Volatility. One major concern for investors looking toward Bitcoin as a safe haven asset is its volatility. We need only look to the price history of Bitcoin since 2017 for evidence. Clearly, the parabolic surge in Bitcoin prices in Q3 and Q4 2020 have allayed the concerns of many institutional and retail investors; but many investors, big and small alike, will be wondering if a 2017-style slump is lurking around the corner, particularly if mainstream asset values stabilise in line with the hoped-for economic recovery beginning in 2021.
Bitcoin has historically proven itself to be subject to market whims and news. Particularly as the cryptocurrency boom swept up a number of digital currencies into record-high prices around the end of 2017, news from the digital currency sphere could prompt investors to make quick decisions, sending the price of Bitcoin upward or downward quickly. This volatility is not inherent to gold, making it arguably a safer, safe-haven asset.
In recent years, a number of alternative cryptocurrencies have launched which aim to provide more stability than Bitcoin, some linked with the U.S. dollar in much the same way that gold was prior to the 1970s. A challenge that may lie ahead for Bitcoin, as a first-mover, is the attractiveness that these competing cryptocurrencies may enjoy as a product of Bitcoin's rise, particularly for investors looking for a safe haven asset with lower intrinsic volatility.
Bitcoin in India
Investor enthusiasm for Bitcoin in India has been tempered with degree of scepticism about cryptocurrencies on the part of the Reserve Bank of India (RBI), which in 2018 tried to strangle the system by prohibiting banks and payment entities to deal with cryptocurrency exchanges, before the Supreme Court intervened and required the government to promulgate a regulation policy. There is now talk of the government maybe moving ahead with some kind of ban. The government’s response to cryptocurrencies has been inconsistent. A committee was set up with a view to regulating cryptocurrencies, and the government is purportedly trying to promote the blockchain technology that supports the currency.
Blockchain development and cryptocurrency often go hand in hand. China, which has allowed cryptocurrency exchanges to flourish, is also the home of the largest number of blockchain start-ups. And if a government is provided with the digital tools to confirm trader identity, it makes little sense to ban their trade.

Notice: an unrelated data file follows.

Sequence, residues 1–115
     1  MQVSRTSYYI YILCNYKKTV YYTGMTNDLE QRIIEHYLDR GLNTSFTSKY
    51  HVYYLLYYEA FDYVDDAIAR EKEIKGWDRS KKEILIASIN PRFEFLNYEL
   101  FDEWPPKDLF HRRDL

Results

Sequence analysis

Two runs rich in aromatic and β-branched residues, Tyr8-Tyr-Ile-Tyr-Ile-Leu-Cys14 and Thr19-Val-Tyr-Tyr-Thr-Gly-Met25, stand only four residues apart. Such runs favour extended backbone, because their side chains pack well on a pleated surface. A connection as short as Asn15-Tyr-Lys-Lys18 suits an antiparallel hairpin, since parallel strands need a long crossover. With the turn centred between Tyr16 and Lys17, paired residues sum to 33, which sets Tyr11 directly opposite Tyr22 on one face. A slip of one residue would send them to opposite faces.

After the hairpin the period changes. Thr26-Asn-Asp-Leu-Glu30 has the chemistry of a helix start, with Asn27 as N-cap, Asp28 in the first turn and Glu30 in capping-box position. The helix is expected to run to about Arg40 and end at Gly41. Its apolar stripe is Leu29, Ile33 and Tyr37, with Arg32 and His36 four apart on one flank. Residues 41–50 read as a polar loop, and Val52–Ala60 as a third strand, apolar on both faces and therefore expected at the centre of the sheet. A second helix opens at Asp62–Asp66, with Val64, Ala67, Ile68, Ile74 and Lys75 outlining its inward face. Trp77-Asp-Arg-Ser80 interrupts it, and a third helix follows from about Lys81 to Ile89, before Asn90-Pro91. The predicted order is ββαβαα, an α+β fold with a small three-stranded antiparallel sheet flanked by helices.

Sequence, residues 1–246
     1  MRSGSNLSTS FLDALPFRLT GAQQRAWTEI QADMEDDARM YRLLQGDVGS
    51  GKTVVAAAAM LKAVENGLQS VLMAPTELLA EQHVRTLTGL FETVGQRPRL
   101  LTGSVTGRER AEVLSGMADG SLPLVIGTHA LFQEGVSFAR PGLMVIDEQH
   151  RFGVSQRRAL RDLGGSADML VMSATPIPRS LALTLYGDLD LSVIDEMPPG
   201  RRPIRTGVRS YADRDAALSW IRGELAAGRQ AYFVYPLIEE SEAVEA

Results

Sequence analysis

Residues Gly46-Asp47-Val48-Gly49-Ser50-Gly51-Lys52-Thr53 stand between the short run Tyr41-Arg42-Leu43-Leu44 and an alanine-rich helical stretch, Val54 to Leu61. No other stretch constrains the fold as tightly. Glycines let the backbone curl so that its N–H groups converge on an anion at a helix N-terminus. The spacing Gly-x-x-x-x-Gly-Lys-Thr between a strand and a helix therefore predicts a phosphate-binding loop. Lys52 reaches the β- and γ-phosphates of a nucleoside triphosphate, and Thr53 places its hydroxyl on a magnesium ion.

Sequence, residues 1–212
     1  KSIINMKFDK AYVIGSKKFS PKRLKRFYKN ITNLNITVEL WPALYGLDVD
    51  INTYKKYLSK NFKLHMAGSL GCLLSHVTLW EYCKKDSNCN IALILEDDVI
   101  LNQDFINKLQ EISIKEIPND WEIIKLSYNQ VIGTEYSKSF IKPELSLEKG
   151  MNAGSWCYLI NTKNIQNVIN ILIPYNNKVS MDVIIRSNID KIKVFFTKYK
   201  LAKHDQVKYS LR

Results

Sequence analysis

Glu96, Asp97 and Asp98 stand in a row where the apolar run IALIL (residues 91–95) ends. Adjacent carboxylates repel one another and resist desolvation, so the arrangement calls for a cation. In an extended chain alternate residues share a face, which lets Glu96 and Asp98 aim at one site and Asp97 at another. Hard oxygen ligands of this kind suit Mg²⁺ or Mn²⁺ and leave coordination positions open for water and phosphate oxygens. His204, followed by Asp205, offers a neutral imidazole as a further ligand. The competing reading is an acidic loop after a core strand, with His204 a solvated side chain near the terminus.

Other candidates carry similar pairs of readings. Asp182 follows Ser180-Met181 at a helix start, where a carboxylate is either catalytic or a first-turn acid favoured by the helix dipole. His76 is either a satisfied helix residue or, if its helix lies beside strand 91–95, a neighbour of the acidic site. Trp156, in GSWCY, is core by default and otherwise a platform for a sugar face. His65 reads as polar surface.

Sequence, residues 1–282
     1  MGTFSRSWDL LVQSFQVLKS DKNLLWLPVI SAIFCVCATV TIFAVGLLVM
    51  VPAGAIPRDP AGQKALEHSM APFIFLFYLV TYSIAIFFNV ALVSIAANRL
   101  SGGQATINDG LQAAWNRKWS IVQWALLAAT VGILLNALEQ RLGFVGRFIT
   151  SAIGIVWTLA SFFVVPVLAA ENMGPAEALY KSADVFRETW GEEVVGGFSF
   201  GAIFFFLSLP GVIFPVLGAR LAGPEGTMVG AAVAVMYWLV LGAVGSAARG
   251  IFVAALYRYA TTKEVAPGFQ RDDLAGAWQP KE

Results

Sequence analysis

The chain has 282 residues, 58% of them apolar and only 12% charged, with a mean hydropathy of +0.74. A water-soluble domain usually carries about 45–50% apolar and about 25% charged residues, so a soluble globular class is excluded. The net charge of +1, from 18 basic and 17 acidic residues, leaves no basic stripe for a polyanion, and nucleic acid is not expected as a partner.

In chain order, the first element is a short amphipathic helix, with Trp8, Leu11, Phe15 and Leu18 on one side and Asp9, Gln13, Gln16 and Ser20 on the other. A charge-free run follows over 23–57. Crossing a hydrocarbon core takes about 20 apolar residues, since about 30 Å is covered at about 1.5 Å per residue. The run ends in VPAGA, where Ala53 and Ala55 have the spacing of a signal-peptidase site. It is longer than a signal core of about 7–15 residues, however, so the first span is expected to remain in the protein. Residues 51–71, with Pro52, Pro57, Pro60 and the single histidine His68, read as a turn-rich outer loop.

Moreover, by banning, rather than regulating cryptocurrency trading platforms, the Indian government would inadvertently giving a free hand to foreign multinational companies to develop their assets and move in once a ban is removed, leaving the government with only residual control over the market. If the Indian government wants to be a partner in crypto development, it must be able to understand how it works, otherwise it will be singularly unqualified to assume the role of regulator.
More fundamentally, Prime Minister Narendra Modi needs to reconcile his schizophrenic Make in India worldview with the obvious and vital role that foreign technology companies can legitimately play in the development in India of cryptocurrency trading platform infrastructure and blockchain systems. You can read our blog about why atmanirbhar bharat is a dangerous barrier to foreign investment into India here.
Outlook for Bitcoin in India
The extent of the institutional money that has been allocated to Bitcoin over Q3 and Q4 has taken everyone by surprise. Players like Grayscale Bitcoin Trust and JPMorgan point to Q3 2020 inflows that were three times larger than last year's, with Grayscale reporting Q3 inflows from professional investors in the region of US$1bn (taking Grayscale's AUM to US$10bn). The cryptocurrency has been enjoying a tailwind since the start of the year, when hedge fund managers Paul Tudor Jones and Stanley Druckenmiller gave it a degree of endorsement. In October PayPal announced that it had pivoted to implement the acceptance of cryptocurrencies. And Facebook will be launching its digital currency Libra next year.
Analyses of the origin of inflows into Bitcoin over 2020 reveal a trend that has gained momentum quarter on quarter: that institutional investors (including pension plans and family offices, for which crypto can act as a hedge to interest rates and equity markets) and retail investors have come to displace hedge funds as the biggest makers of long-term bets on the cryptocurrency. Inflows from retail investors have been significant. And in a post-Covid era of low economic growth, high unemployment and inflation, both gold and Bitcoin are poised to establish themselves as the primary safe haven assets available to savers and investors worldwide. And that includes India.
Matthew Feargrieve is an Investment Management consultant. He advises managers of investment funds and their clients. Matthew is interested in the politics, economy and business of India, and blogs on topical issues connected with personal finance and investing. Matthew Feargrieve lives in the UK.